But does one call free market capitalism banks and businesses that are mismanaged and not allowed to fail? Is free-market capitalism exemplified by government-guaranteed loans to ventures like Solyndra? Is free market capitalism represented by Congress, which shuns cheaper alternative energy sources like natural gas, in favor of petroleum? All the US need do is pass proposed legislation that would offer tax breaks for those who would create natural gas filling stations and this would represent a trillion-dollar fix to the American economy. No, America is not a free market country. It is dominated by special interests that have bought off Congress in what has morphed into crony capitalism to outright fascism.
Another blogger rails against capitalism, but correctly fingers corrupt capitalism:
How can the west thrive, when its corrupt political elite (and their friends in big business), across these past 30 years, have handed all our manufacturing jobs to Asia. Western companies make far more profit, by making their plasma and LED televisions in Korea, for peanuts, and then selling them for big bucks in the west. It’s totally immoral, on every level….. and to make matters worse, our big businesses will often avoid paying British taxes, by basing their headquarters in some tax haven. Janet Daley needs to address corrupt capitalism, and stop pretending that socialism is to blame.
Again, I've never quite understood the criticism of globalization, as if it could have been avoided. Some economy in the world was going to outsource its labor to Asia and it might as well have been America and Great Britain before it was some other country. Buying cheaper goods has spawned the US consumer economy. Buying an item for $1 from China and selling it at $10 retail in the US is $9 value added.
While Ralph Nader is urging the President to put a stop to "corporate welfare," if the US raises tax on corporate profits it will simply doom American business to failure. Countries that tax less corporate profits less than the US will prevail. Why do you think Google, Apple, Microsoft, Amazon were all spawned in America? (Answer: because of a more favorable business environment.) If the US doesn't provide ta breaks for its farms and industries, other countries will. America has to remain competitive.
Some bloggers got it right, like this one:
This state capitalist system that we’ve been laboring under for the past 80 to 90 years has caused nothing but misery for many. It has destroyed our economy and monetary system; it has destroyed the real entrepreneurial small business that provided real jobs, and as a consequence has led to a collapse in social mobility and jeopardized the chance of the individual improving their situation.
Of course, there would be those who advocate more taxes, like a value-added tax (VAT) that this blogger proposes.
Of course all tax raised by VAT IS the way to go… we the consumers pay all the tax income, corporation, value added, it would solve the problem of companies paying tax abroad.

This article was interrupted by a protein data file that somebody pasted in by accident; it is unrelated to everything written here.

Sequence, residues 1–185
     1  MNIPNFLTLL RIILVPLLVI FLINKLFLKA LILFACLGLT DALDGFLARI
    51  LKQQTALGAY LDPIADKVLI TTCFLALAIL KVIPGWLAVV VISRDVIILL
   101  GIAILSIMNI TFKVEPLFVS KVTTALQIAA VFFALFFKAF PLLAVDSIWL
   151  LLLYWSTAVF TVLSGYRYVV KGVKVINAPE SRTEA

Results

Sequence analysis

The VAT would be like what Japan unofficially had for decades. All retail products were distributed through layers of vendors who marked up goods at each level. You couldn't afford to buy clothing, kitchen utensils, everyday things. Japan had full employment under this system but a very poor consumer economy. When they allowed consumer goods to be sold without having to go through layers of distributor markups, consumer spending rose but with it came a modicum of unemployment.
Another Daly critic chimes in:
De-regulated capitalism implodes because of the greed of bankers and suddenly it’s all the fault of socialism (where, let me see)?
There is some truth spoken here, but "de-regulated" simply means allowed to break laws. There are existing laws that could have jailed every banker at the too-big-to-fail banks, and money-laundering and imprudent lending practices would be examples.
That the masses have been lured by welfare to gain votes, at the cost of freedom and liberty, is the wealth re-distribution game that is currently being practiced. There is little incentive to work when unemployment benefits are extended for 2 years and welfare in the form of rent subsidy, food stamps and Medicaid is handed out willy-nilly.
According to Judicial Watch, the government spent enough on welfare last year to cut a check for nearly $60,000 for each impoverished household it provided with benefits. The problem is that this welfare money is not coming from the rich. One blogger correctly explained where the welfare money is coming from:
Janet, someone told the masses that they could get rich people’s money. That someone lied. They are TAKING the money from the MIDDLE class. Always.
Or as another blogger said it:
Left and right politics has supported the two pillars of state capitalism; big business and big government. They’re not going to change (at least not without a fight). The system they have created has stripped us of our liberty, our wealth, and our right to determine our own lives. It’s time the system was put out of our misery!
Yep, we have the elites who can buy off government to protect their wealth, and the poor who receive what amounts to government bribes for votes, leaving middle-class working family in between. After the results of the last election, I think middle-class Americans are beginning to realize they have been left holding the empty bag. We have a President who protects those at the top and the bottom. God help you if you are in between.